Hymns, children's cries fill Haiti's night
PORT-AU-PRINCE (Reuters) - In the frightening pitch black of quake-stricken Haiti's night, religious songs rise from groups of people huddled in open spaces for safety and solidarity.
The chanting and clapping, mainly by women, echo from hill to hill, street to street, as Haitians pray for their dead and ask God to spare them more suffering after an earthquake that has killed thousands and flattened much of the capital.
While the widespread singing provides comfort, the jarring shrieks and sobs of injured children -- some lying in the street clutching bloody gashes -- are a haunting reminder of the untended suffering in Haiti.
"Oh my God, who will help my country now?" said Manuel Deheusch, a Haitian businessman who came rushing back from neighboring Dominican Republic to check on his friends, family and properties.
"The world has to help us now. We cannot sort out this mess ourselves," he added, shaking his head and whispering the names of families whose houses he saw flattened as he drove round Port-au-Prince in the early evening.
Scores of dead bodies litter the streets, some untouched, others covered with a sheet or piece of clothing. Outside the Hotel Villa Creole, where journalists and aid workers gather to sleep the night, two bodies lie in the street right outside.
"This is a near impossible task," said a local volunteer, trying to bring succor to the dozens of injured and frightened Haitians lying and sleeping in the street outside the hotel, itself damaged by the quake.
U.N. PEACEKEEPERS IN SHOCK
There appears to be little major relief work under way yet.
Neighboring Dominican Republic has sent in some truckloads of aid and a few ambulances, which came screaming back out of Haiti with some injured people before night fell on Wednesday.
In the city, Haitians pick over rubble forlornly, seeking loved ones.
"The help has to come from outside now because the capability of the aid organizations inside has been smashed," said Mike Stewart, country director for the Hope for Haiti charity, which has set up a mini-hospital outside the Villa Creole. Its workers were mainly treating people for broken bones and internal bleeding.
"Ten who have come to us have died already," Stewart said. "There will be more dead by morning. We need to operate but we don't have the equipment. All the aid organizations have taken a huge hit, buildings smashed, people killed and so on."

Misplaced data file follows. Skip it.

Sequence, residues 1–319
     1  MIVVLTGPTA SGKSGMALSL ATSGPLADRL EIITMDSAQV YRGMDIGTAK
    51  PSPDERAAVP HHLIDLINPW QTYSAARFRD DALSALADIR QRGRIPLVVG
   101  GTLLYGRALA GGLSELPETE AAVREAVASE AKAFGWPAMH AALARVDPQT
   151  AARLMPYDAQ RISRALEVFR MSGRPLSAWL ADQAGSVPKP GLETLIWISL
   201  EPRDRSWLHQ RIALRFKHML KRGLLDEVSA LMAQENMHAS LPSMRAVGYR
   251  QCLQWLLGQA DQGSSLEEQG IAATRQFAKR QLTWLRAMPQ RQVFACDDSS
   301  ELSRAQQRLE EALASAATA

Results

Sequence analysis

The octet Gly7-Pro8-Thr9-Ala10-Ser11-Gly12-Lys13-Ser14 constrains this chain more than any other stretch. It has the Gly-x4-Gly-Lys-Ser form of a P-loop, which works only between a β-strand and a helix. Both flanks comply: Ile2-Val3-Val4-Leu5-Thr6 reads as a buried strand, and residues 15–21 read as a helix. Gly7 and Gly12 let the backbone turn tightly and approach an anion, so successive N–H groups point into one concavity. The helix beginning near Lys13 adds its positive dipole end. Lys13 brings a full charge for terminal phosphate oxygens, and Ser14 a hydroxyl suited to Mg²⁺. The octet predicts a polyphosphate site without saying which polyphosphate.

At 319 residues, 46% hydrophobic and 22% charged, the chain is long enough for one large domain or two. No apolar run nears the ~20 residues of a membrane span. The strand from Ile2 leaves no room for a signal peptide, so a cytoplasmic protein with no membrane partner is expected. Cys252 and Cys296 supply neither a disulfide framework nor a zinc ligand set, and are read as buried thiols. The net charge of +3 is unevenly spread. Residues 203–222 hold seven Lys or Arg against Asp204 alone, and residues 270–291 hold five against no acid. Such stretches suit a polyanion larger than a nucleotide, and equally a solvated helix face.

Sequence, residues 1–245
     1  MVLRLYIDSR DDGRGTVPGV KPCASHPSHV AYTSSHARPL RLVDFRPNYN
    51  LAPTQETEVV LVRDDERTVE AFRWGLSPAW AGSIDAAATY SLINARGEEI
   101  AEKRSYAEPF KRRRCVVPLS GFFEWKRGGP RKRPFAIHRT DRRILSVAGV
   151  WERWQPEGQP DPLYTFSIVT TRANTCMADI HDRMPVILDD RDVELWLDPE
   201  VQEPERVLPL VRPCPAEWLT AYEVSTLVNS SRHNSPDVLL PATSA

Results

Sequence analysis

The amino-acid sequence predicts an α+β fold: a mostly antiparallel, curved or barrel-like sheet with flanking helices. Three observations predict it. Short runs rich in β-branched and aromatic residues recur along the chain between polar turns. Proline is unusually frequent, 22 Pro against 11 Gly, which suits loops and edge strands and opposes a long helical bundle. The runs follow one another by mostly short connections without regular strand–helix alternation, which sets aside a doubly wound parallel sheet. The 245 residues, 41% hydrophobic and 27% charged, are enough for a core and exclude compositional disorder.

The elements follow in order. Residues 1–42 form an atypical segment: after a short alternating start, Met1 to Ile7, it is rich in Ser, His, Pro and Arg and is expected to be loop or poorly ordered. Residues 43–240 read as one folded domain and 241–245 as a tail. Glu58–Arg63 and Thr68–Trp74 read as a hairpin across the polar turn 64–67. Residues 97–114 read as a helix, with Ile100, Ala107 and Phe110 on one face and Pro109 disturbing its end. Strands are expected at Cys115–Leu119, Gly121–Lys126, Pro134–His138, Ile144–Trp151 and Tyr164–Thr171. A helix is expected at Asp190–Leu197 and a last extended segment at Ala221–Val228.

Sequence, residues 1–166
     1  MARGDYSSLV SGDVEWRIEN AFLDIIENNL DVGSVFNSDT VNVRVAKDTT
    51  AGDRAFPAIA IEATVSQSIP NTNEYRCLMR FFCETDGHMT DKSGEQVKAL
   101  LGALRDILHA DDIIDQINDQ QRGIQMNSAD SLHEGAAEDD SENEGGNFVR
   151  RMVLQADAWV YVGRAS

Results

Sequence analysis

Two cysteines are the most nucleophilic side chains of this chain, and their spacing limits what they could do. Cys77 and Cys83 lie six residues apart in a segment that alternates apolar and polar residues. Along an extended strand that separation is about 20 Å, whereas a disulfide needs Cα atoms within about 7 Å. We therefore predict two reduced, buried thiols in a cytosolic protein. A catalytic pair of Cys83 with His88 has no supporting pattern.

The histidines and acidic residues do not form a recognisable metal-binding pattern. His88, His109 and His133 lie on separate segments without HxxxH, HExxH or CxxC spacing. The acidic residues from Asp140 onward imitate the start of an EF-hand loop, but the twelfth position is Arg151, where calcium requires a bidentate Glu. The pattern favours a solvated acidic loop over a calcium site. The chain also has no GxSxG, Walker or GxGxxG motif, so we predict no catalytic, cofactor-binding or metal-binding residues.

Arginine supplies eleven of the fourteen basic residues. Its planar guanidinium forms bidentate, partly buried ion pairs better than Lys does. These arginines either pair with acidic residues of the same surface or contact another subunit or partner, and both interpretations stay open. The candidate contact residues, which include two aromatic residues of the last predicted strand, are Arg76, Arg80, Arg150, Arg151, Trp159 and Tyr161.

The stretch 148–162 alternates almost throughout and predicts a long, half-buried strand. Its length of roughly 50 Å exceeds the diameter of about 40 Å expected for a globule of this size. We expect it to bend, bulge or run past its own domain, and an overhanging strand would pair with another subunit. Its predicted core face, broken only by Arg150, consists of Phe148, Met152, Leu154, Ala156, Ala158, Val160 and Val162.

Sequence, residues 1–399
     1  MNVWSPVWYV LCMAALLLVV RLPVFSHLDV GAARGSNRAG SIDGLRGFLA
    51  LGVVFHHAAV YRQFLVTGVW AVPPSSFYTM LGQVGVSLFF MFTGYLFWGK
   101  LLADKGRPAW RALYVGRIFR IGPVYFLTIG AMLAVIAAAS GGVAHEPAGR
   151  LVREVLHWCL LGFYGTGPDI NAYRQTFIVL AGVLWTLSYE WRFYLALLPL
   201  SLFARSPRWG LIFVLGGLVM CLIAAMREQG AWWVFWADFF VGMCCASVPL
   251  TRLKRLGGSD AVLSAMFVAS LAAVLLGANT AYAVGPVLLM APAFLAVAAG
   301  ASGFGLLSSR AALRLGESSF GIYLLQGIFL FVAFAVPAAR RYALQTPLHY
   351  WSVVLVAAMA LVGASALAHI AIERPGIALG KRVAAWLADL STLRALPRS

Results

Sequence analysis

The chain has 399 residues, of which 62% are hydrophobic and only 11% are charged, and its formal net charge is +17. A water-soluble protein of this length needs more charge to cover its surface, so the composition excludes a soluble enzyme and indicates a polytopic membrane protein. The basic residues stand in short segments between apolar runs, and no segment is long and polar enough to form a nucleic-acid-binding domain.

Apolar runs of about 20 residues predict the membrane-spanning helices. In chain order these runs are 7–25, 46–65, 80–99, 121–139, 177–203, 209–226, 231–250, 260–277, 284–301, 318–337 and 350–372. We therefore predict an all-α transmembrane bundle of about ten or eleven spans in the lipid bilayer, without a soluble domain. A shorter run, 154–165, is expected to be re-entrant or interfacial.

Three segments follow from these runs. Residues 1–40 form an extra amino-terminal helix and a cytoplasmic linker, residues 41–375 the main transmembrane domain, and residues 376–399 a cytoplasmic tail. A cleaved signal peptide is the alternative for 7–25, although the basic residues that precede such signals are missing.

U.N. peacekeepers -- 9,000 are stationed in Haiti -- dot the streets but look bemused, overwhelmed and worried about their own circumstances.
"I have not even been able to call my wife yet. She may think I'm dead," said one Chilean peacekeeper, who asked not to be named.
He and some blue-helmet colleagues from other Latin American nations sat on a line of vehicles -- including a tractor, earth-mover, and two cranes -- facing a road covered in rubble that they had been tasked with clearing.
"Where do we start? Just look at this," the soldier said. "And imagine what it's like in the areas we can't get to."
While trying to absorb the magnitude of what has happened, Port-au-Prince residents also are terrified of more aftershocks and looting. This reporter did not see a single policeman on the streets of the coastal capital.
Two aftershocks came and went on Wednesday, causing screams of terror to rise from the streets, and sending people running out of buildings.
While Haiti has seen plenty of violence in the past, this reporter saw a stoic and strangely calm atmosphere on the street and was several times politely requested to donate a bottle of water, which was quickly shared among many needy people.
(Reporting by Andrew Cawthorne, editing by Anthony Boadle and Bill Trott)
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